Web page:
Similarly, a new analysis by Marc H. Ross of the Physics Dept. at the University of Michigan and Tom Wenzel of Lawrence Berkeley National Laboratory finds that real driving risks have little to do with weight. Drivers of Ford Explorers are 61% more likely to die than drivers of 1,000-lb.-lighter Toyota Camrys. "People buy SUVs thinking that they will get a safety benefit because of the weight, but that benefit is outweighed by the increased rollover risks," explains Oak Ridge's Greene.

And while some small cars, such as the Dodge Neon, have high fatality rates, others, like Honda's Civic, have lower driver-death rates than the average SUV. Part of that is due to differences among drivers. But to Ross, a key conclusion is that better design and construction trump size and weight.

Size does matter when really big vehicles crash into much smaller ones. But this problem is as much a matter of design as weight. The high frames of pickups and truck-based SUVs typically override a car's crash protection, acting like battering rams. "Being hit by an SUV is twice as risky as being struck by a car of the same weight," says Hans C. Joksch, a scientist at the University of Michigan Transportation Research Institute. Some vehicles are even worse. In Ross and Wenzel's analysis, Dodge Rams are more than five times as dangerous to other drivers as are Buick LeSabres or Honda Accords.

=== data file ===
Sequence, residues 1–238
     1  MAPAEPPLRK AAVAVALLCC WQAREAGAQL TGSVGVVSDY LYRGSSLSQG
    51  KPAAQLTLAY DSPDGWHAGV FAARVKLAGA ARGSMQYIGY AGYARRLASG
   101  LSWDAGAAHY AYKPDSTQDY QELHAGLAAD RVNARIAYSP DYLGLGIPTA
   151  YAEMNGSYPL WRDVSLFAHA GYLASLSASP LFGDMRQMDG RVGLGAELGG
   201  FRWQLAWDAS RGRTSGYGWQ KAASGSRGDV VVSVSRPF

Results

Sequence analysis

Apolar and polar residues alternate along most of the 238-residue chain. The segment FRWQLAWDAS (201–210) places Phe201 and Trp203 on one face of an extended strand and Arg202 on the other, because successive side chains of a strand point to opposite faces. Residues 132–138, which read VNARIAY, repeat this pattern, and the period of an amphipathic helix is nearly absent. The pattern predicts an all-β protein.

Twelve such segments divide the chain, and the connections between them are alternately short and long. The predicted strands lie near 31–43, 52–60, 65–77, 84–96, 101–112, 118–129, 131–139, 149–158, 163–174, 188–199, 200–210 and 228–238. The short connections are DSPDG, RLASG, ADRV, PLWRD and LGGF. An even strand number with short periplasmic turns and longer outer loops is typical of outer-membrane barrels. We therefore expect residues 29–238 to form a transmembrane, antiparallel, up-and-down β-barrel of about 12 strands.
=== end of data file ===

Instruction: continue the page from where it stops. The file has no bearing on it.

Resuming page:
As a result, the current trend of making lower-riding SUVs and pickups should bring a big safety benefit. More gains would come from making these trucks lighter and more fuel-efficient. One way to do this is to raise CAFE standards. But higher fuel-economy standards can have an unintended effect: By making vehicles go farther per gallon, they reduce the cost of driving. That may make people drive--and crash--more.

A better approach is to harness market forces. Raising gas taxes a few cents per month over many months would give consumers an incentive to buy higher-mileage vehicles, argues Leonard Evans, a former traffic and safety researcher at General Motors Corp. The slow phase-in would be relatively painless economically, since carmakers would have time to design and build the fuel-sipping cars--and the savings from higher efficiency would offset the slowly rising price of gas. And since the pocketbook hit would be biggest for heavy gas-guzzlers, they would get the biggest percentage boost in fuel economy through new technologies. The bottom line: America would use less gas, and its roads would be safer for everyone.

Corrections and Clarifications The photo in ``Gas guzzlers are safer? Pure bunk'' (Environment, Sept. 9) depicted a Dodge Ram 3500 Quad Cab SLT but listed specs for the 1500 model. The 3500 weighs approximately 6,200 pounds, with 11/15 mpg. The data on death rates, however, were for all models of Dodge Ram.

Carey covers science and the environment.